"Never mistake motion for action." - Ernest Hemingway
Soon I hope to have a tutorial document on this subject
illustrated
with animation. However, in the mean time you can read about the topic
in an early survey paper I wrote or play with the interactive Java
applets
found on some of the links listed below.
Godfried T. Toussaint, "Movable
separability
of sets," in Computational Geometry, Ed., G. T. Toussaint, North-Holland,
1985, pp. 335-375. This paper is a tutorial survey of
research results
obtained before 1985 related to disassembly and interlocking puzzles in
two and three dimensions. This area is sometimes called local motion
planning.
The research described in the above papers is in fact
concerned
with the general theory of interlocking polygons in the plane and
polyhedra
in space. Therefore the analysis and design of interlocking puzzles
such
as burrs is closely related to local motion planning as well as
assembly
and disassembly in manufacturing. The literature on burr-puzzles is
very
helpful for thinking about and visualizing these kinds of geometric
problems.
Links to related sites:
The Sofa Problem: The
sofa problem asks for the largest (maximum-area) shape that can be
moved
around a corner in a corridor. This is still an open problem but upper
and lower bounds on the solution exist. See the nice
interactive applet where you can move several sofas of different
lengths.
Separability, and mobility in general, of
objects
are of
course intimately related to immobility which, in turn, is the central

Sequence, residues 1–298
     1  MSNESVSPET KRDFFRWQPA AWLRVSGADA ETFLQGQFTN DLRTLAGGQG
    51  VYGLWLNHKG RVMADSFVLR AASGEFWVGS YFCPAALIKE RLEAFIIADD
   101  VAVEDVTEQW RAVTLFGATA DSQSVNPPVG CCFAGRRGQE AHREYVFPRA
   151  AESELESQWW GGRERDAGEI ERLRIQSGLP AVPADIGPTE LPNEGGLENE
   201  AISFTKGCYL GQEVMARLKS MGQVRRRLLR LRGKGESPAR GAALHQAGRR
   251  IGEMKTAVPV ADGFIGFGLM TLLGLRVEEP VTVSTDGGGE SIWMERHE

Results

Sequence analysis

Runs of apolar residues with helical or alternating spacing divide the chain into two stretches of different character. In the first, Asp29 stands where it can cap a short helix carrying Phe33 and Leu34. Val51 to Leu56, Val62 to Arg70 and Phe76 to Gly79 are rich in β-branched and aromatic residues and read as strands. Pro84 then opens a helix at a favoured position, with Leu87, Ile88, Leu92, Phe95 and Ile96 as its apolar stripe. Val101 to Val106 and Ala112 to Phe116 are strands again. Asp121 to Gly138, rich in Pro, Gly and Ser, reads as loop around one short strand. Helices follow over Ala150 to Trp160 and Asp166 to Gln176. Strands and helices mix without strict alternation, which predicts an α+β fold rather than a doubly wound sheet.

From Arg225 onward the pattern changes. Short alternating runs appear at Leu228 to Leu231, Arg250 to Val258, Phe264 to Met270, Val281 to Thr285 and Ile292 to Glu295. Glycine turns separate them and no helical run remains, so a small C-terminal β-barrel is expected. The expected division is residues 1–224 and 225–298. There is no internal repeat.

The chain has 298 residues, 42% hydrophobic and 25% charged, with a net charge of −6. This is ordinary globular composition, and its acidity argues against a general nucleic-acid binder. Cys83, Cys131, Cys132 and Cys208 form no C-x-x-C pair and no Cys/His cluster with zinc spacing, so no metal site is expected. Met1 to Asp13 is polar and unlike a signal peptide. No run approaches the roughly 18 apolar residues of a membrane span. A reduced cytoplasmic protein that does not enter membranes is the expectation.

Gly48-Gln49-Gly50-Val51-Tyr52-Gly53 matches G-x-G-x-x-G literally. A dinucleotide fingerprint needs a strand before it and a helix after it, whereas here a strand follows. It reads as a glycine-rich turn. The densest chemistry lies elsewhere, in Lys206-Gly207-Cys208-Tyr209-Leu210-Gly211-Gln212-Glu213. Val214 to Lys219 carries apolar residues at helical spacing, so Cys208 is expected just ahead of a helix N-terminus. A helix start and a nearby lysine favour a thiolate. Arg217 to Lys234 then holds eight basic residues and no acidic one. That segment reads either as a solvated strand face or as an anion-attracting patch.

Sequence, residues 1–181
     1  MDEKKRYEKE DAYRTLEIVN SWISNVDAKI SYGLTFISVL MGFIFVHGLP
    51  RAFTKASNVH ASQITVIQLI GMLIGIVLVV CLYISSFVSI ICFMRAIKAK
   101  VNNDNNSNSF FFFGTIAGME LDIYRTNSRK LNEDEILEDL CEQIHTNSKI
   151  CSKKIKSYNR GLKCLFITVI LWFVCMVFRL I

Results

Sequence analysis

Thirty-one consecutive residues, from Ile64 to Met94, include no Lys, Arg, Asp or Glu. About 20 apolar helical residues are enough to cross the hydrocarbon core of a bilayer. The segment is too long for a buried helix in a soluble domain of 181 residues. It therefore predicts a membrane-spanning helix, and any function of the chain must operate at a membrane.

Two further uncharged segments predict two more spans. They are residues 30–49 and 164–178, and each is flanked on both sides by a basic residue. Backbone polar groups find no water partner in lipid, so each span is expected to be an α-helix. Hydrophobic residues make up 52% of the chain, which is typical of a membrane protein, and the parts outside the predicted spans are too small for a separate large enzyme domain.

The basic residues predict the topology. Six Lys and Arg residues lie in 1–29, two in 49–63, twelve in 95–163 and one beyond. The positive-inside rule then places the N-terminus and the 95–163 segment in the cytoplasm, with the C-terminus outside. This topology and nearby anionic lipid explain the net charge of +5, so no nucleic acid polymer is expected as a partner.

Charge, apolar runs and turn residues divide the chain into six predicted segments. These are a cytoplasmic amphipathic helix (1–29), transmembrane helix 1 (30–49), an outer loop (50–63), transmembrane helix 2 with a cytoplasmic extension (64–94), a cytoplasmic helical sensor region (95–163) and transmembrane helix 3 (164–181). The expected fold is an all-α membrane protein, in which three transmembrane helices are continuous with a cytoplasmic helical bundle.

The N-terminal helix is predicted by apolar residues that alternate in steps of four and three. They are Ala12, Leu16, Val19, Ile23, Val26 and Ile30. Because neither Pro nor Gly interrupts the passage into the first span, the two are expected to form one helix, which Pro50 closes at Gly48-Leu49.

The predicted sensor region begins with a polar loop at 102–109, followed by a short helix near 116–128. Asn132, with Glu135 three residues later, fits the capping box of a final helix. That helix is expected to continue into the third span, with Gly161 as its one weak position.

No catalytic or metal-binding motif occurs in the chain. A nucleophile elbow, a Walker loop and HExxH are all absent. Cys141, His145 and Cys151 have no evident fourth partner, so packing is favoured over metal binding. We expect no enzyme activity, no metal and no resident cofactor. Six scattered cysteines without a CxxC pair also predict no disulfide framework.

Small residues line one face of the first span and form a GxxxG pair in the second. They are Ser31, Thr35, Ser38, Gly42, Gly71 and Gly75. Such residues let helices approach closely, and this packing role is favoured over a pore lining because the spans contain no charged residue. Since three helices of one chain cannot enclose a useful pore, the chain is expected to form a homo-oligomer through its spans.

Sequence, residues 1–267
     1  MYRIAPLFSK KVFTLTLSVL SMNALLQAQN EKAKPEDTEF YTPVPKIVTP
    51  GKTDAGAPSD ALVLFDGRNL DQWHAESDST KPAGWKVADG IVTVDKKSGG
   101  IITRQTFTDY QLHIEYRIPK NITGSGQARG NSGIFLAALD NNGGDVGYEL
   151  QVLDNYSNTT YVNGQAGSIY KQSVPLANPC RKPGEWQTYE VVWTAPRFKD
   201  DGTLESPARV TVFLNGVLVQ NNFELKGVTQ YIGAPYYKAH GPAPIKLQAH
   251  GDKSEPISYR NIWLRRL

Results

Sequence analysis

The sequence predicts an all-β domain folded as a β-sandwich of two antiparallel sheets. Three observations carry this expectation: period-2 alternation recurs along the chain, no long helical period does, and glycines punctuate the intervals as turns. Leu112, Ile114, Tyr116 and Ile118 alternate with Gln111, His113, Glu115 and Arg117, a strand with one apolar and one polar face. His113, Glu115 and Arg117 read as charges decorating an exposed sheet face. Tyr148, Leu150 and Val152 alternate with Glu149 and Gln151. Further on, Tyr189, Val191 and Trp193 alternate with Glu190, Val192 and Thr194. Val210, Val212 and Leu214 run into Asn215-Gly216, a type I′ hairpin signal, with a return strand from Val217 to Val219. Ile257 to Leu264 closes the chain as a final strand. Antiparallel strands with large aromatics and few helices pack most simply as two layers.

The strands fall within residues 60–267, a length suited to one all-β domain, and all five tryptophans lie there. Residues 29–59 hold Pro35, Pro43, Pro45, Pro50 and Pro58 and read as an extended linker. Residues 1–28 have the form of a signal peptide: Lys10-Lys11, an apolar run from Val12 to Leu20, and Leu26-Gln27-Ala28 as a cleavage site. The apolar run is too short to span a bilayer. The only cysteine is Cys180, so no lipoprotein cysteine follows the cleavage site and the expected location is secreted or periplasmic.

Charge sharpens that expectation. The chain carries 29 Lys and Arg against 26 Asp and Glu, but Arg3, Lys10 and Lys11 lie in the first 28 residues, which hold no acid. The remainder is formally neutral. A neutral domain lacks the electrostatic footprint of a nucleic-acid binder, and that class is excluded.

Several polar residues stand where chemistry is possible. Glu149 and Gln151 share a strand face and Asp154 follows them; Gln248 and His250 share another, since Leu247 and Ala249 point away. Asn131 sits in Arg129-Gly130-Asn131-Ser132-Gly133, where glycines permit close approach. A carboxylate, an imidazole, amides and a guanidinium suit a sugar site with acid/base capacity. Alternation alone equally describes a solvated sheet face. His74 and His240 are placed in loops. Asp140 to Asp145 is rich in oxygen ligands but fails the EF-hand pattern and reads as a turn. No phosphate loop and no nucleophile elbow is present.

issue of grasping
and fixturing problems in robotics and manufacturing. Check
out the postscript document below.
Godfried
T. Toussaint, "All convex polyhedra can be clamped with
parallel jaw grippers," Computational
Geometry: Theory and Applications,
vol. 6, 1996, pp. 291-302. (with P. Bose and D. Bremner)
IBM's
Burr Puzzle Page contains lots of information on the history and
design
of burr puzzles as well as interactive Java applets to take apart as
well
as design your own 3D puzzles.
Jack
Snoeyink and Jorge
Stolfi
have obtained some beautiful results on taking apart a set of objects
with
only two hands. Their theorem inspired a sculpture presently hanging in
the atrium of the Department of Computer Science at the University of
British
Columbia. Jack's page contains links to a description of the problem, a
paper containing the mathematical results and photographs of the
sculpture.
The problem of determining if objects in space
are
interlocked
or not is closely related to problems in the theory of knots
and links although the latter are of course more topological than
geometric.
Linkages, Rigid and
Movable
Polygons:
The Four-Bar Linkage:
Godfried T. Toussaint, "Simple
proofs
of a geometric property of four-bar linkages," American
Mathematical
Monthly, Vol. 110, No. 6, June-July 2003, pp. 482-494.